Physics-Informed Machine Learning: Cloud-Based Deep Learning and Acoustic Patterning for Organ Cell Growth Research

By Samuel J. Raymond, Massachusetts Institute of Technology

To grow organ tissue from cells in the lab, researchers need a noninvasive way to hold the cells in place. One promising approach is acoustic patterning, which involves using acoustic energy to position and hold cells in a desired pattern as they develop into tissue. By applying acoustic waves to a microfluidic device, researchers have actuated micron-scale cells into simple patterns, such as lines and grids.

My colleagues and I have developed a combined deep learning and numerical simulation approach that enables us to arrange cells into much more complex patterns of our own design. We saved weeks of effort by conducting the entire workflow in MATLAB® and using parallel computing to accelerate key steps such as generating the training dataset from our simulator and training the deep learning neural network.

Acoustic Patterning with Microchannels

In a microfluidic device, fluid and fluid-borne particles or cells are manipulated in submillimeter-sized microchannels that can be made into different shapes. To create acoustic patterns within these microchannels, a surface acoustic wave (SAW) is generated using an interdigital transducer (IDT) and directed toward a channel wall (Figure 1a). In the fluid within the channel, the acoustic waves produce pressure minima and maxima that are aligned with the channel wall (Figure 1b). The shape of the channel walls can therefore be configured to yield specific acoustic fields within the channel1 (Figure 1c). The acoustic fields arrange particles within the fluid into patterns that correspond to the locations where the forces from these acoustic waves are minimized (Figure 1d).

Figure 1. Acoustic patterning in microchannels. 

While it is possible to compute the acoustic field that will result from a particular channel shape, the reverse is not possible: Designing a channel shape to produce a desired field is a nontrivial task for anything but simple grid-like patterns. Because the solution space is effectively unbounded, analytical approaches are not feasible.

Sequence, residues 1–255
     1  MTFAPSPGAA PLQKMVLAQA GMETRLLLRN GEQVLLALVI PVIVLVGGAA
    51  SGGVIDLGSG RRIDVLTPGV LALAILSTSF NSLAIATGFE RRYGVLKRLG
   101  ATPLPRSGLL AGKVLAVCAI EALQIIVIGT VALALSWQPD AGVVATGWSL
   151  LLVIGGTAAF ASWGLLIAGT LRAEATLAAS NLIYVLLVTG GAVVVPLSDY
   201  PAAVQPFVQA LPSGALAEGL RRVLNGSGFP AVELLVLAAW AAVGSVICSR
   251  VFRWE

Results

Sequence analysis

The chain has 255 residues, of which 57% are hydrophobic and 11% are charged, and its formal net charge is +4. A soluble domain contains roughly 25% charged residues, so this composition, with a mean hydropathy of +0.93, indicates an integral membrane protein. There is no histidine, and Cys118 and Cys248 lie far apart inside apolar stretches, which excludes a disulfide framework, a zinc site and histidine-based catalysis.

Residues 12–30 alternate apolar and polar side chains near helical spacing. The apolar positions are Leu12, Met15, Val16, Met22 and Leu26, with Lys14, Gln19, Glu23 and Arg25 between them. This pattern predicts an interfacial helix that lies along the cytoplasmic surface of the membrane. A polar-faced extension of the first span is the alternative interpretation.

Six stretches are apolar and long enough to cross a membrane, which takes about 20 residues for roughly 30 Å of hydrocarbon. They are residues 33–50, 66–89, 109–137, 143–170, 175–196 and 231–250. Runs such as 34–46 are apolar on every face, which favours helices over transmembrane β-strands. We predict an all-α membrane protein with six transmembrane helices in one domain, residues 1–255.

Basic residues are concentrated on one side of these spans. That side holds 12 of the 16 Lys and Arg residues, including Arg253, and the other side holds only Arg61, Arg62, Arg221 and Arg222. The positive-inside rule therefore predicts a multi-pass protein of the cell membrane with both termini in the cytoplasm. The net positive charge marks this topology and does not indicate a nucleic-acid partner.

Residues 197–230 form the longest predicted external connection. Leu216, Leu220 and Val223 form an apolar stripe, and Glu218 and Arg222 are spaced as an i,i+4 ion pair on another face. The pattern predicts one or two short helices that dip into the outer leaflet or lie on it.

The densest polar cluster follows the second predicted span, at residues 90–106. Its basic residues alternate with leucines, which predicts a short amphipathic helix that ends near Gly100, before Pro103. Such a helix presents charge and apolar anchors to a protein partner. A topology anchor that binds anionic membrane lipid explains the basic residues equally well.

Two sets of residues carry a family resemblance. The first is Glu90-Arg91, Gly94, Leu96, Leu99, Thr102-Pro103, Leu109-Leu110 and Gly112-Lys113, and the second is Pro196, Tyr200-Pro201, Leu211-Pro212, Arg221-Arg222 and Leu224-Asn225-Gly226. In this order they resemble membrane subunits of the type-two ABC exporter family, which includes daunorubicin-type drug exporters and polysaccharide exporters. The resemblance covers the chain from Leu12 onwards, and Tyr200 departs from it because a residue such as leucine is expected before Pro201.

This new workflow uses a large collection of simulated results (of randomized shapes) and deep learning to overcome this limitation. My colleagues and I first solved the forward problem by simulating pressure fields from known shapes in MATLAB. We then used the results to train a deep neural network to solve the inverse problem: identifying the microchannel shape needed to produce a desired acoustic field pattern.

Solving the Forward Problem: Simulating Pressure Fields

In earlier work, our team had developed a simulation engine in MATLAB that solves for the pressure field given a specific channel geometry using the Huygens-Fresnel principle, which holds that any point on a plane wave is a point source of spherical waves (Figure 2). 

Figure 2. Acoustic pressure field generated for a specific channel geometry.

The simulation engine relies on a variety of matrix operations. Because these operations are executed in MATLAB, each simulation takes only a fraction of a second to run, and we needed to simulate tens of thousands of unique shapes and their corresponding 2D pressure fields. We accelerated this process by running the simulations in parallel on a multicore workstation with Parallel Computing Toolbox™.

Once we had the data we needed, it was used to train a deep learning network to infer a channel shape from a given pressure field, essentially reversing the order of input and output.

Training a Deep Network for the Inverse Problem

First, thresholding was performed on the simulated pressure field values to help speed up the training process. This resulted in the creation of 151 x 151 2D matrices of ones and zeroes, which we flattened into a 1D vector that would be the input to the deep learning network. To minimize the number of output neurons, we used a Fourier coefficient representation that captured the channel shape outline (Figure 3).

Figure 3. Fourier series approximation of an equilateral triangle rotated 20 with (from left to right) 3, 10, and 20 coefficients.